Snow Rings

2020 May 24

Back on April 16, 2020 [1], I was strolling down the hill from our house to see how the snowmelt was proceeding. Some of it was kind of picturesque. Like this spot, where the creek comes out of the woods before it flows down beside the road.

I like the way that the trees absorb heat from the sunlight, and melt the snow right around their bases. A bit further down, we are getting into the washed-out part of our road. The cliff right next to the road isn’t all that stable, there were some rockfalls.


Part of the cliff consists of Copper Harbor Conglomerate, which is pebbles cemented together to form a rock. As the conglomerate cliff weathers, it drops out round pebbles that roll down the hill.


And there was an odd thing, where it looked like a little ring of snow had rolled down the hill:




What apparently happened was this: a pebble fell out of the cliff and rolled down through snow that was just sticky enough to roll around the pebble into a snowball, just like you always see in cartoons [2]. But, the pebble didn’t get completely covered by snow, and when it stopped the sun could still shine on it. The pebble was much darker than the snow, and so it absorbed more sunlight than the snow did. It then eventually melted loose, a lot like the tree-trunks did earlier. And finally, the pebble dropped out of the snow, leaving a little ring standing on its edge.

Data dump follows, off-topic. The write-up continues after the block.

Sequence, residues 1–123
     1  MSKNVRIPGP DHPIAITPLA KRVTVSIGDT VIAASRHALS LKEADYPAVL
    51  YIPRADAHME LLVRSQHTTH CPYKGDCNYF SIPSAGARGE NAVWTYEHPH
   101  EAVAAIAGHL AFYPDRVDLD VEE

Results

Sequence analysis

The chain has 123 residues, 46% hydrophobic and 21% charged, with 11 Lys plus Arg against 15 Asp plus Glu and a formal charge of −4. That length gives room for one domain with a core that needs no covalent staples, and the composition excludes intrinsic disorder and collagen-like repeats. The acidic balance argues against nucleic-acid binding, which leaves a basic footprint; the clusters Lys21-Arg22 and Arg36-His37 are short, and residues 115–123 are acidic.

Anyway, I thought that was a neat effect, and if I had come by even a day later I probably would have missed it.

[1] The snow is all melted now. Well, mostly. When we drove up to Copper Harbor two days ago (May 22), there were still some patches next to the road. But as of yesterday, the trees have abruptly leafed out and the grass turned green, so I guess winter is now over. Incidentally, I would have posted these pictures earlier, except that I took them with my phone, which did a weird thing. See, up until last September, it was putting pictures into the DCIM/Camera directory, just like you would expect. But then, after an Android update, it suddenly stopped putting them there. They were clearly still on the phone, because the camera app could still display them, but when I plugged my phone into my computer, they weren’t in the same place. It took a while, but after a long rummage culminating in removing the pictures from before September followed by a general search for .jpg files, I finally found them. They were stashed under Android/data/org.codeaurora.snapcam/files, which is completely unconnected to the former location. I have no idea why they are there or how it got that way, but at least now I know how to find them to transfer them off to the computer.

[2] This isn’t quite the one I was looking for, but it will do:

One Response
  1. Carole permalink
    May 24, 2020

    Looks very inviting to north Florida where I didn’t have any frost this year. Dune sunflowers haven’t stopped blooming.

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